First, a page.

GET THE WORD OUT!
Getting the word out early is the key to getting your dog or cat back safely and soundly! Don’t assume your pet will return on his own in a few hours. As soon as you are aware that your pet is missing, be sure to get the word out. Make sure you have clear photos on hand, and always make sure your dogs and cats are wearing a collar with identification tags. Identification tags will speed up the process in recovering your lost pet!
- The more people know you have lost a pet, and are upset and worried, will encourage others to be more proactive if they see an animal in the woods or on the road, or in their backyard.
- Call all your neighbors personally and make them aware of the situation.
- Place a “Lost ” ad in your local newspaper the very first morning your pet is gone. These ads are usually free.
- Visit all local dog pounds and animal shelters daily!
- Make lots of posters! Keep it simple: “LOST DOG (or cat)!” should be at the top in large, easy to read, (even from a moving vehicle) in bold letters. Include a brief description or breed type. Don’t assume that people will know your particular breed, so always include a description. Include the animal’s name as it may make it easier for someone to call your pet over and capture him. Offer a reward, but don’t state how much in the ad, and include your telephone number in large numbers at the bottom of the poster.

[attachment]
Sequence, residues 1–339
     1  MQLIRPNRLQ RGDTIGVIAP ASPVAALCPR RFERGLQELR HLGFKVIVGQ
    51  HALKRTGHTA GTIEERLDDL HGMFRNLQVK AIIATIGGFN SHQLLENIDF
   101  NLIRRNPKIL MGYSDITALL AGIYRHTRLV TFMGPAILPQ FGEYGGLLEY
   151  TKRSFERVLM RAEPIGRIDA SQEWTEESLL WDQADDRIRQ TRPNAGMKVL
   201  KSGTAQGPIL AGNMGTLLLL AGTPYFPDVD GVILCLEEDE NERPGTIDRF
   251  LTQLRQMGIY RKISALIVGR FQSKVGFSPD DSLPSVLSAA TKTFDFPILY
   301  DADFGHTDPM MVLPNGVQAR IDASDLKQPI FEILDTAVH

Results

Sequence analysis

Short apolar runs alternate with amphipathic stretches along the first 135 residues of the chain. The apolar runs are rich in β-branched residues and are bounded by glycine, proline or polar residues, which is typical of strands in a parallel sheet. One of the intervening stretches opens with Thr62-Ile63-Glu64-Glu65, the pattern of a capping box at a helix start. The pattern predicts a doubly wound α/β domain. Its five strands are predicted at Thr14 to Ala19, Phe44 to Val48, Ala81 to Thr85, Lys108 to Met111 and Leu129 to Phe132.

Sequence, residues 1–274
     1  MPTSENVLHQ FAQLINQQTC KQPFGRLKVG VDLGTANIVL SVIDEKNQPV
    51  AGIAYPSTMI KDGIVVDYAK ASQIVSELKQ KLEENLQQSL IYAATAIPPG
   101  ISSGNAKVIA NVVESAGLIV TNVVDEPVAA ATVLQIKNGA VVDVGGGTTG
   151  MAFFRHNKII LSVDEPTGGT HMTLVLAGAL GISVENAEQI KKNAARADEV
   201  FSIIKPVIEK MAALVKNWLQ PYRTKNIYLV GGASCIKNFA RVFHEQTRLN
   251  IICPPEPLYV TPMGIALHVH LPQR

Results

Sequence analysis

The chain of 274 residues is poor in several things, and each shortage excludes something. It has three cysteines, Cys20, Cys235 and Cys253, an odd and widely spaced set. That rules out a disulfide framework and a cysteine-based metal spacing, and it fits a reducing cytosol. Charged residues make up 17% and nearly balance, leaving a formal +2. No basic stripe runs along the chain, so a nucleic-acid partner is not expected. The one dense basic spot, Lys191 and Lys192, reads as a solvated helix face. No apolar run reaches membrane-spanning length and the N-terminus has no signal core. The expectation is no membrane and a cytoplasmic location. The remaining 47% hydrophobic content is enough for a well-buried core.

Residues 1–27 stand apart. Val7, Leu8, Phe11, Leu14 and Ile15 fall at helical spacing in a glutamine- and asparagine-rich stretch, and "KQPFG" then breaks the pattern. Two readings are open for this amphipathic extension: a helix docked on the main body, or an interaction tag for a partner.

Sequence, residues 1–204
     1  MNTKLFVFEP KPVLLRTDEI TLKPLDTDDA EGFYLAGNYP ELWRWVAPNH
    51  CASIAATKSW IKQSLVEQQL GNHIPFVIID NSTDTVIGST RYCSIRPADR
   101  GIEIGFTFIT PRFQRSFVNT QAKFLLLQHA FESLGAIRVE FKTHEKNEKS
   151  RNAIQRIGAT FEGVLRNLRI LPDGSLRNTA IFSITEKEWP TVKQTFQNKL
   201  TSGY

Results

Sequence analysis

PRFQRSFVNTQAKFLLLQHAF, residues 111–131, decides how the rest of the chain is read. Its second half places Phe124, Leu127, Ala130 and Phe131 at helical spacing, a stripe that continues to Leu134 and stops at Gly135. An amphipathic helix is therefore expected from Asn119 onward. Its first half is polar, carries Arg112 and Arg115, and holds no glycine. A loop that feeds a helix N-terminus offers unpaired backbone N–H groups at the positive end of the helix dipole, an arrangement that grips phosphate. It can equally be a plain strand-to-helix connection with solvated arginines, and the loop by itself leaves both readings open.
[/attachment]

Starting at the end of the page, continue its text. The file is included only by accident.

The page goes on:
- Make dozens of index cards with the same information as above. Drop these off at every home near the location of where your pet disappeared. Stop and speak with every person you encounter: the more people know about your lost pet, the more likely the one person who spots him will call you. Your pet may be frightened so ask people to please check their barns and sheds, especially at night.
- Get out and call for your pet by name. Enlist family and friends to canvas the neighborhood, in all directions, on the roads and as the crow flies. Don’t try to predict where your pet could or wouldn’t have gone –YOU NEVER KNOW. The best time to call for your pet is at night, and at dawn. If you are calling from your car, drive slowly, roll down all the windows, stop and turn your vehicle off frequently to listen.
- Dogs and cats often wander far away, and do things you wouldn’t predict they would do. Try everything, look everywhere, tell everyone. You’d be surprised how many people will be supportive, will get out and help you look, will offer words of encouragement and hope, will suggest places to look that other stray animals have gone.
- Even the friendliest and most social pet may quickly become terrified and wild. Your own friendly pet, when lost, may hide from people, run away if he sees a person, he may even run away from you. Don’t chase after a lost pet they are much faster and you’ll only scare them more. Instead, sit on the ground; talk in normal tones, repeating his name and familiar phrases over and over again. A frightened animal will usually stick around, and after a few minutes or hours, come closer and closer.
Lastly, Don’t Give Up!